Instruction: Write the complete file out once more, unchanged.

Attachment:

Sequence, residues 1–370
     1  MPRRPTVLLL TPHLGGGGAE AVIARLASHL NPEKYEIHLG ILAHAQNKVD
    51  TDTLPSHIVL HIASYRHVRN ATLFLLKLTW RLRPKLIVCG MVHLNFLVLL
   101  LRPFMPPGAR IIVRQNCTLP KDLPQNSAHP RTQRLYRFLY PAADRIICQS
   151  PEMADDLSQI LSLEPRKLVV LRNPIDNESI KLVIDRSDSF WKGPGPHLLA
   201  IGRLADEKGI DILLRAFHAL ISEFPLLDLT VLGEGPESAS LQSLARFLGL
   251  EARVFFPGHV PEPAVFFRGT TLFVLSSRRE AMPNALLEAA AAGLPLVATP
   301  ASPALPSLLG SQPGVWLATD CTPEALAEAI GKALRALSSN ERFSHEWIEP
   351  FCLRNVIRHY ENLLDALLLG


Sequence, residues 1–370
     1  MPRRPTVLLL TPHLGGGGAE AVIARLASHL NPEKYEIHLG ILAHAQNKVD
    51  TDTLPSHIVL HIASYRHVRN ATLFLLKLTW RLRPKLIVCG MVHLNFLVLL
   101  LRPFMPPGAR IIVRQNCTLP KDLPQNSAHP RTQRLYRFLY PAADRIICQS
   151  PEMADDLSQI LSLEPRKLVV LRNPIDNESI KLVIDRSDSF WKGPGPHLLA
   201  IGRLADEKGI DILLRAFHAL ISEFPLLDLT VLGEGPESAS LQSLARFLGL
   251  EARVFFPGHV PEPAVFFRGT TLFVLSSRRE AMPNALLEAA AAGLPLVATP
   301  ASPALPSLLG SQPGVWLATD CTPEALAEAI GKALRALSSN ERFSHEWIEP
   351  FCLRNVIRHY ENLLDALLLG